Random

Louisville’s Homicide Problem

Like most cities these days, Louisville is under seige by an abnormally high homicide rate. The theories for this phenomenon, which is happening in nearly every city in the US, are interesting, to say the least. Some are sound, some are stupid. Unfortunately, what’s being done falls on tiptoeing down the middle politically, which is resulting in no improvement.

Here’s a map of Lousiville’s homicides for the past 6 months. The prior 6 months are identical; the mapping system I have access to only goes back 6 months, for some reason though.

louisville homicides

See any pattern here? I do. The red line going down the middle is where most Louisvillians would identify west Louisville from East Louisville. And I have a feeling the homicides on the east side were perpetrated by at least a couple of people that came over from the west side and were involved in a robbery or other crime that went south. There just isn’t a lot of violent crime on the East end, which is where I happen to live, and was a consideration when deciding where to live in Louisville. West Louisville also happens to be predominantly black. (But don’t tell anyone.)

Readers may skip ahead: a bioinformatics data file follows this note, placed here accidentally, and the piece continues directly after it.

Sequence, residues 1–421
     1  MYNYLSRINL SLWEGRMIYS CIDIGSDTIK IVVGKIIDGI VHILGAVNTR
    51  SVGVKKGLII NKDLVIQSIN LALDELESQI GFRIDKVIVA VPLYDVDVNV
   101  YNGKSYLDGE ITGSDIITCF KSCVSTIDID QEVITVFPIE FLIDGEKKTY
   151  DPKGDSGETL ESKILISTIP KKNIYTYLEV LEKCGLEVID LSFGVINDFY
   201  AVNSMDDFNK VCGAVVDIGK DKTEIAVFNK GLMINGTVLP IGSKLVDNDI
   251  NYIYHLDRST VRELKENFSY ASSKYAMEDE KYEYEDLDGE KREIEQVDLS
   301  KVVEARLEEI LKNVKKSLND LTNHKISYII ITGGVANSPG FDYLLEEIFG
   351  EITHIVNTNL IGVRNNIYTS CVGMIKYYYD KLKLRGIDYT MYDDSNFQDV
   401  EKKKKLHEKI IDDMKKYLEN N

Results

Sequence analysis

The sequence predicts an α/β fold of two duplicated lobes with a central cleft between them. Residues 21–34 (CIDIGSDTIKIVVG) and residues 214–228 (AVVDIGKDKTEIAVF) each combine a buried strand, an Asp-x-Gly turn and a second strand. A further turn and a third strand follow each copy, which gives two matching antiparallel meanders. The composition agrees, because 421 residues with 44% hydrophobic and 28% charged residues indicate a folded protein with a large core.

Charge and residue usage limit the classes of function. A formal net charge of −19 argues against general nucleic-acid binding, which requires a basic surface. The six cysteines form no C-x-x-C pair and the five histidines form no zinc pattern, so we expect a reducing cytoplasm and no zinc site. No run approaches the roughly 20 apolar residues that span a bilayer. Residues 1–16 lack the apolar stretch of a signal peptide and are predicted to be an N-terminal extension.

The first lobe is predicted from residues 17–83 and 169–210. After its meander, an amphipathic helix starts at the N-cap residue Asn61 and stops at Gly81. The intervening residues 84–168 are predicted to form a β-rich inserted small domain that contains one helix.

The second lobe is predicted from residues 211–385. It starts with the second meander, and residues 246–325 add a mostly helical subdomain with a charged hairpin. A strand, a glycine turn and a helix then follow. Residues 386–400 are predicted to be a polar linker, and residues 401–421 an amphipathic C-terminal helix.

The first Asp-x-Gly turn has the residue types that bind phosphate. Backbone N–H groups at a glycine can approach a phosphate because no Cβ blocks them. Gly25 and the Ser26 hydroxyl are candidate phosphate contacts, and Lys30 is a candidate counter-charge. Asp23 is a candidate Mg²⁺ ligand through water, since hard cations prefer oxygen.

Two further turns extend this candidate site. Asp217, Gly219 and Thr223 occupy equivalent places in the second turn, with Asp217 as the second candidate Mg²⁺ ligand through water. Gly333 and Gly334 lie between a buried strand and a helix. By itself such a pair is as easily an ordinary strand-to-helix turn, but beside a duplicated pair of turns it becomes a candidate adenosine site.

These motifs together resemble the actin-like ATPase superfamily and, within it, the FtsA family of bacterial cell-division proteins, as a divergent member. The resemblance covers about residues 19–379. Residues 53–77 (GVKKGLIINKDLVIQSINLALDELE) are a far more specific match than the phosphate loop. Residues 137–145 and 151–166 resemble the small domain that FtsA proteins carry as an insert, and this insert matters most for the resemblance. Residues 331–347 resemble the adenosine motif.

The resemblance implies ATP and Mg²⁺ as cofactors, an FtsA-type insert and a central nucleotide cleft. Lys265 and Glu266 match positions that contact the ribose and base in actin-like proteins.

Unfortunately, the people that need to be able to see this can’t for some reason. This map’s a lot like the one you’d find of Chicago, or any city in the USA these days. The homicide rate has exploded since Ferguson and the uproar over Michael Brown’s death. People want to blame it on all sorts of things, but to me the most logical is that after Ferguson, and subsequent calls of violence towards police, in addition to an outward display of hatred for police by the very communities that need them the most, police have taken a more hands-off approach to policing those areas. West Louisville in this case. Who can blame them? They’re being gunned down execution-style as a thank-you, when they’re out trying to help people for a relatively paltry salary. Although I believe the police in Louisville are paid quite well, compared to the rest of the country. Not enough to go out and face a violent death every day, though.